Dental caries is still a significant public health problem among schoolchildren, despite declining prevalence in many countries.[1] Moreover, dental caries exhibits a disproportionate affliction to underprivileged, disadvantaged, and socially backward communities resulting in oral health inequalities.[2]

Since dental caries is preventable, it is imperative to consider school-based interventions that target the greatest number of subjects at a low-cost.[3] Early childhood is an apt time to develop lifelong beliefs, attitudes, and skills.[4] Interventions targeting children in schools can improve health and well-being into adolescence and adulthood.

Promoting health through health education is a proven effective method.[5] Ideal oral health education (OHE) should include oral health instructions and methods to eliminate plaque. Health education programs cannot be given in isolation but be a part of any curative, preventive and promotional health activity.[6] OHE can be reinforced throughout the school years, and one of the ways of achieving the favorable results is to integrate education and entertainment, thus making the process of learning an enjoyable one. A gamut of cost-effective media and materials are available and can be utilized in making learning both interesting and effective.[7]

In dentistry, leaflets, brochures have been the traditional method of conveying health information to consumers.[8] However, reading difficulty, inability to understand and act on health education messages may contribute to health inequality.[9] Activities including games, picture coloring, puzzles, etc., are shown to provide engagement and enjoyment, facilitate in making the right choices, and bring about behavior changes necessary for positive health.[10],[11] Considering these facts, coloring sheets (CSs) were incorporated as an OHE tool in a caries preventive trial carried out among 6–7-year-old children with high caries risk. The present paper describes the steps in the development and evaluation of the CS. The objectives of the CS were to facilitate the children to identify foods and drinks that are good and bad for the teeth and also indicate good daily oral hygiene practices.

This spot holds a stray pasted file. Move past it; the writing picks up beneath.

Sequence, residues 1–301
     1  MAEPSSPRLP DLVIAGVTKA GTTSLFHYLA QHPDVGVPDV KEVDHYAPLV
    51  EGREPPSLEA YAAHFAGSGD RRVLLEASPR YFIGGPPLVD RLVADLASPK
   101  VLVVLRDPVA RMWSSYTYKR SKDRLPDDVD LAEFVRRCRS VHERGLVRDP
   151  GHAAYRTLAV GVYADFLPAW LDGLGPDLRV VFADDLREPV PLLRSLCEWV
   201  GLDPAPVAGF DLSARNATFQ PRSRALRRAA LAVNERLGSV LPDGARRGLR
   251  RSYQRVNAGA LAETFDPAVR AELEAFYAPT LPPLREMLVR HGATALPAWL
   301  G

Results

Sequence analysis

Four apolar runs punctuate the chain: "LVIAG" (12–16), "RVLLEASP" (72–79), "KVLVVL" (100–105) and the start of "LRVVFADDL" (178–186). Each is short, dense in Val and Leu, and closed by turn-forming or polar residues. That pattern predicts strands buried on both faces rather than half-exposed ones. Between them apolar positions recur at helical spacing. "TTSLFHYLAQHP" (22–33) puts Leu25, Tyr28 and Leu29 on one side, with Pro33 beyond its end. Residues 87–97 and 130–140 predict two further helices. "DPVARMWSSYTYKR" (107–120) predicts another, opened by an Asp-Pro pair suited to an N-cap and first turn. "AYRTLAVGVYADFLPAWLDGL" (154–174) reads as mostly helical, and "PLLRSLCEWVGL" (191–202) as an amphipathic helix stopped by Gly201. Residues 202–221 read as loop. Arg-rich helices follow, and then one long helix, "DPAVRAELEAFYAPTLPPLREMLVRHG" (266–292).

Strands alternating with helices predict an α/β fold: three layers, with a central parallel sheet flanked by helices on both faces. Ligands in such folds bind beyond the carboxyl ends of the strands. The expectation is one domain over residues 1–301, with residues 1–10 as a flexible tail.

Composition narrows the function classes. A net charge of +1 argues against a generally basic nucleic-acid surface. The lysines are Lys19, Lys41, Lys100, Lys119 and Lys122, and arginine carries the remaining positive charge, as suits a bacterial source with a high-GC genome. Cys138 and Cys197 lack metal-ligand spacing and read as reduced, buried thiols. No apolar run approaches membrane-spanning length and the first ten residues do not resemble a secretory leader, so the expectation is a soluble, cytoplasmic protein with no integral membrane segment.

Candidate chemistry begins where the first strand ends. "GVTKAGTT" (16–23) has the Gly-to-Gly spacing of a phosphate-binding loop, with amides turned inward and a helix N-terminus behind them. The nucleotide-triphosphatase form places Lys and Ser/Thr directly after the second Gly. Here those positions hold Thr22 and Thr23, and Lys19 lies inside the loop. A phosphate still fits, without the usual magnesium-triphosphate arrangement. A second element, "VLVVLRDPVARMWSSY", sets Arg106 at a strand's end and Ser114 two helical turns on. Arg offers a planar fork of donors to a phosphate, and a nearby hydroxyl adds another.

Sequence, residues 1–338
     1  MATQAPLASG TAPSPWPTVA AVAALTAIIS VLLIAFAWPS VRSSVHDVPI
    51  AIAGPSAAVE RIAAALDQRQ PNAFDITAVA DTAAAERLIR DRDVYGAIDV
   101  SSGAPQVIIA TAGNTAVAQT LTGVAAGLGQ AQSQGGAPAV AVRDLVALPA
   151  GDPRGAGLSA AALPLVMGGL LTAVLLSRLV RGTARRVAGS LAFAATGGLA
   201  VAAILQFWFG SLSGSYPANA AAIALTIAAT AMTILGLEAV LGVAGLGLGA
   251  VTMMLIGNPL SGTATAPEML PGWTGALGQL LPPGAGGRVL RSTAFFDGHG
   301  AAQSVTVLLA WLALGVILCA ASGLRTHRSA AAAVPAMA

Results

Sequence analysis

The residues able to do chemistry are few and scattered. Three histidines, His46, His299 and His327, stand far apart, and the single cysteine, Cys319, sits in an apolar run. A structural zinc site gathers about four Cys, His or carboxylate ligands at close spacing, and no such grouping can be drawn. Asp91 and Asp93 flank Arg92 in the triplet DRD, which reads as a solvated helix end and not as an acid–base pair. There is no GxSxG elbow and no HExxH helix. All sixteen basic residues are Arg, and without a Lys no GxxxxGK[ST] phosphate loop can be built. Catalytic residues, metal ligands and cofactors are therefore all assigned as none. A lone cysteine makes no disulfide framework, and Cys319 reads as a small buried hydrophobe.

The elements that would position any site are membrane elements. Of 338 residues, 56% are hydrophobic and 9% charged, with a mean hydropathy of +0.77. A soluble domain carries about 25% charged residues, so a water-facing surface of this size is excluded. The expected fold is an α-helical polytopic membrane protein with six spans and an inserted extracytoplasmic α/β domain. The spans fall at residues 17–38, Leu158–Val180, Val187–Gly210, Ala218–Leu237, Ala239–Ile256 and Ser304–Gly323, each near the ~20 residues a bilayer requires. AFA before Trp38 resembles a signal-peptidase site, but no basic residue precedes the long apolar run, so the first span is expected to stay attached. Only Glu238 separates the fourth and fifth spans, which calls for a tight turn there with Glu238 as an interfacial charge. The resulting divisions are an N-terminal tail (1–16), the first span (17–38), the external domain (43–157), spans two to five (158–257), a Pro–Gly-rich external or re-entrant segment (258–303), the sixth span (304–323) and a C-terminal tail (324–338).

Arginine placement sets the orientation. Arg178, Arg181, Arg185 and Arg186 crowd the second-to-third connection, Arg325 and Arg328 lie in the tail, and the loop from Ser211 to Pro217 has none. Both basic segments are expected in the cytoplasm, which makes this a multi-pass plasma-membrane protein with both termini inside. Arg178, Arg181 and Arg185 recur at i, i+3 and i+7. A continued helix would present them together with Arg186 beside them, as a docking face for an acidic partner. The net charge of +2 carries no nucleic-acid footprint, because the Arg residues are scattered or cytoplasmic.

Subjects and Methods Top

The CS was a part of OHE intervention of a community trial conducted to measure the cost-effectiveness of various caries preventive methods for 3 years (under review). The groups in the trial included use of fluoridated toothpaste along with OHE as the control group and the intervention groups had an additional procedure either in the form of fluoride mouth rinsing, fluoride gel application, application of pit and fissure sealants. The trial was prospectively registered in Clinical Trial Registry-India of National Institute of Medical Statistics, Indian Council of Medical Research with the registration CTRI/2015/06/005946 (Registered on: June 26, 2015) and the study protocol was approved by the Institutional Review Board of The Oxford Dental College, Bengaluru, bearing number 277/201314. Public school children of age 6–7-years belonging to low socioeconomic status and high caries risk were included in this trial. The socio-economic status was assessed by the modified Kuppuswamy scale (2015)[12] and the caries risk was based on the American Academy of Paediatric Dentistry criteria.[13] Sample size of 440 (110 children in four groups) was estimated to detect a clinically significant difference of 20% in caries prevalence between the intervention and the control group using a two-tailed test of proportion with 80% power, 95% level of significance and 15% drop-out rate.